At the end of May, the Medicare Trustees reported that Medicare costs are expected to grow more slowly than was previously expected. One of the positive effects of this trend is that Medicare premiums are also expected to increase more slowly. What does that mean for you and your family? Here’s a look at the different types of Medicare premiums.
Q: What do people mean by “Medicare premiums”?
A: When people talk about Medicare premiums, they’re often thinking of the Part B premium (Part B primarily covers doctor visits and other outpatient services). For most beneficiaries, this premium is automatically deducted from their Social Security benefit each month. In 2013, most people with Medicare pay a Part B premium of $104.90 a month.
Q: What other Medicare premiums exist besides Part B?
A: Most people with Medicare do not pay a premium for Medicare Part A (which covers hospital and other inpatient care) because they or their spouse paid enough in Medicare taxes during their working years to qualify for premium-free Part A.
If you have a Part D prescription drug plan, you do pay premiums. In 2013, the national average for a Part D monthly premium is $40.18, but Part D premiums vary widely from plan to plan and region to region.
If you have a Medicare Advantage plan, your plan usually charges an additional premium.
Finally, you may have a private Medicare supplemental policy, either from a former employer or private company. The premiums for these policies vary significantly.
Q: How are Medicare premiums determined?
A: By law, the Part B premium must cover 25 percent of Medicare’s Part B costs. When Medicare costs grow more slowly, so do premiums.
Part D premiums are similarly tied to the costs of prescription drugs. Medicare Advantage premiums are determined by a more complicated process, but they also reflect trends in costs. Because Part D and Medicare Advantage plans are run by private companies, premiums can vary a lot. But even so, when health care costs rise more slowly, premiums usually do too.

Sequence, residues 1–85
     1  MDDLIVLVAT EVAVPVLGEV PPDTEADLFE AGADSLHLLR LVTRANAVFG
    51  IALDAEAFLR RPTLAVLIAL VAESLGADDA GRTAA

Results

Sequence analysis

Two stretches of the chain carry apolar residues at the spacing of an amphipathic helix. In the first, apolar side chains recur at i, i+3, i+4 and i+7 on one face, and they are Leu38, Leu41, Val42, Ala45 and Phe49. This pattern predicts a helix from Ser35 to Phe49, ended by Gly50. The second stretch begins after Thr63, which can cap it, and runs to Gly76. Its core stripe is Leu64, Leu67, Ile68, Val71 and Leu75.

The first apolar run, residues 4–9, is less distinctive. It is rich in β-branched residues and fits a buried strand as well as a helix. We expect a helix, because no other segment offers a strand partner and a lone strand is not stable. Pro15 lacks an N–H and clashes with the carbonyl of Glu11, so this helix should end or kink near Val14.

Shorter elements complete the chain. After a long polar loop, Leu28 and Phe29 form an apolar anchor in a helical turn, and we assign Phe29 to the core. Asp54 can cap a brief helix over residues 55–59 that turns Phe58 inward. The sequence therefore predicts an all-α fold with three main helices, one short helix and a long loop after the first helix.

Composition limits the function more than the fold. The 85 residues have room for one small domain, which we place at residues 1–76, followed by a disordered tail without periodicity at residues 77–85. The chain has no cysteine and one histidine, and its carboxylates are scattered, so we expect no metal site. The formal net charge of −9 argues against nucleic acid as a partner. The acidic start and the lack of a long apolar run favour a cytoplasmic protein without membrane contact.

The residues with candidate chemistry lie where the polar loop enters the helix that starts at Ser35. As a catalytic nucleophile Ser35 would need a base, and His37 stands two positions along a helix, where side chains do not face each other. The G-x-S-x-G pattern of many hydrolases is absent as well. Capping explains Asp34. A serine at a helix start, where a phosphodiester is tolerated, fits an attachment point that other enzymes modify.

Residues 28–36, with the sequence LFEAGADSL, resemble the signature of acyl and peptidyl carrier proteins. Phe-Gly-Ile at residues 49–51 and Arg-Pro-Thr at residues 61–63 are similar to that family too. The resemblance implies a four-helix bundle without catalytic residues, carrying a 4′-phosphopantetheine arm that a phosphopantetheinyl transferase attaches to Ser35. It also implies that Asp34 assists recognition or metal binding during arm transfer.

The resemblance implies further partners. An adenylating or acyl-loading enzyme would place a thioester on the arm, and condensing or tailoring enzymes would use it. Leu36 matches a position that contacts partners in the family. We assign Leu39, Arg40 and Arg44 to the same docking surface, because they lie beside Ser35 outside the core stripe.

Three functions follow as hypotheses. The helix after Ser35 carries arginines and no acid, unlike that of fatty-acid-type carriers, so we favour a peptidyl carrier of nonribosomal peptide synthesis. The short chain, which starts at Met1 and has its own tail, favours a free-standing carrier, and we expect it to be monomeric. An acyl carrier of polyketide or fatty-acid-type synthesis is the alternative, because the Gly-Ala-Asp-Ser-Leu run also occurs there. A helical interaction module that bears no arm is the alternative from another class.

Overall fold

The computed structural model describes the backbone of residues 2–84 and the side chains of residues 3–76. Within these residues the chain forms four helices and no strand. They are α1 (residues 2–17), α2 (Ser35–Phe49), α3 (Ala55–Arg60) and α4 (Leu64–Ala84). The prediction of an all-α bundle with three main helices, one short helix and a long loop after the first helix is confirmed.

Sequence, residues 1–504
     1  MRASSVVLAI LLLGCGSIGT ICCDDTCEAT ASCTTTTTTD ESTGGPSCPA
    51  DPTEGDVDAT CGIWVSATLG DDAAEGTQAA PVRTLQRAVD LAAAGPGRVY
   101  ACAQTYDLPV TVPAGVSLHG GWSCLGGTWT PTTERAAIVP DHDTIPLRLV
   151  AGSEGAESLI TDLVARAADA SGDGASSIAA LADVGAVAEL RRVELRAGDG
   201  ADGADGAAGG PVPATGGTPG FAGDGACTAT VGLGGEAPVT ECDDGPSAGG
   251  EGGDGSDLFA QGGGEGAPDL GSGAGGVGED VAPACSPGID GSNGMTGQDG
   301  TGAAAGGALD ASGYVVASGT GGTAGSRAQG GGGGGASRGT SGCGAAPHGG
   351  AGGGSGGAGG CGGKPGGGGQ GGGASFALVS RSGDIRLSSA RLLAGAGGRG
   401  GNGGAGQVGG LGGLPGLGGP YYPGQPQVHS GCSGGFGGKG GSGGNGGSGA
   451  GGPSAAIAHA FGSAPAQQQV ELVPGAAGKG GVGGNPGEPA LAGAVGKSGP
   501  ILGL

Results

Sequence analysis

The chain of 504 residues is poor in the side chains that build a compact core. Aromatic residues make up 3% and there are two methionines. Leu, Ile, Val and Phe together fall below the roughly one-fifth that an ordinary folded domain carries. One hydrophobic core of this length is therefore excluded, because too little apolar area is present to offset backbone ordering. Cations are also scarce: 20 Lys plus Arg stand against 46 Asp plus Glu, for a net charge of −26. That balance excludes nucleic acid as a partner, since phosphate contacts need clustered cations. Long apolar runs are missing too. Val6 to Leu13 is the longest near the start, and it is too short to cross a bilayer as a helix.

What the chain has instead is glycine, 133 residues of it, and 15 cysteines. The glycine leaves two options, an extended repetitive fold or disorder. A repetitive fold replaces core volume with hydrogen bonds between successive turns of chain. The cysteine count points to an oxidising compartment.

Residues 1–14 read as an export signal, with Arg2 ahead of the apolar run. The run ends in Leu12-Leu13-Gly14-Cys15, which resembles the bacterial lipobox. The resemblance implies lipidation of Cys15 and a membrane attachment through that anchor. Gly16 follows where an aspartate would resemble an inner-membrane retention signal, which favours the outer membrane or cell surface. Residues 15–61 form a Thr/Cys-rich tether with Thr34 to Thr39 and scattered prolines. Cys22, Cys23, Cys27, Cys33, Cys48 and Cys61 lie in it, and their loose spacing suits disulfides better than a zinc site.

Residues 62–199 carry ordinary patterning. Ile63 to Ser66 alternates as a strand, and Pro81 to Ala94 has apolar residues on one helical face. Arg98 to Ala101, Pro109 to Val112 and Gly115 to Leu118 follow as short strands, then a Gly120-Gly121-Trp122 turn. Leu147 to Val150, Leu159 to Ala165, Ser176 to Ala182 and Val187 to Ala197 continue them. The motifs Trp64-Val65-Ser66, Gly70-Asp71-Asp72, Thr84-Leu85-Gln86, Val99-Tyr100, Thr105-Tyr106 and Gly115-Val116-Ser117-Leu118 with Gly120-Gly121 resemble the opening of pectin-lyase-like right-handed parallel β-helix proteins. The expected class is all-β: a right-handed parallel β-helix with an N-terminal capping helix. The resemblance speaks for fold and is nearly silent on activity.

Q: Does everyone pay the same premium?
A: If your income is more than $85,000 (for just you, or $170,000 for you and your spouse), you pay an additional Part B premium. How much more depends on your income: People with the highest incomes pay the most. Also, since 2011, the same high-income beneficiaries have paid higher Part D premiums. Part A premiums and Medicare Advantage premiums are not affected by these rules.
Q: If I have a limited income, can I get help paying my premiums?
A: For people with limited incomes and resources, the Part D Extra Help program covers all or most of their Part D premium, as well as other pharmacy costs. You can find out if you qualify and apply online at www.socialsecurity.gov/prescriptionhelp or by calling 1-800-MEDICARE. Each state also has Medicare Savings Programs that cover Part B premiums for people with limited incomes. In some cases, these programs also cover other Medicare costs. To learn more, call 1-800-MEDICARE and ask for a referral to your local state health insurance assistance program (SHIP), or go to this website www.familiesusa.org/resources/program-locator and click on your state.
Q: What will happen to Medicare premiums in the future?
A: Medicare premiums depend greatly on what happens to health care costs, specifically Medicare costs, in the future. No one knows for sure if the recent slowdown in Medicare costs will continue. The early indications from the Medicare Trustees’ report are that the trend should continue for now, and that the 2014 Part B premium will be unchanged from 2013. For anyone with Medicare living on a fixed income–and that’s most people–this is encouraging news.
Ron Pollack is executive director of Families US, a national organization for health care consumers that has advocated for universal, affordable, quality health care since 1982.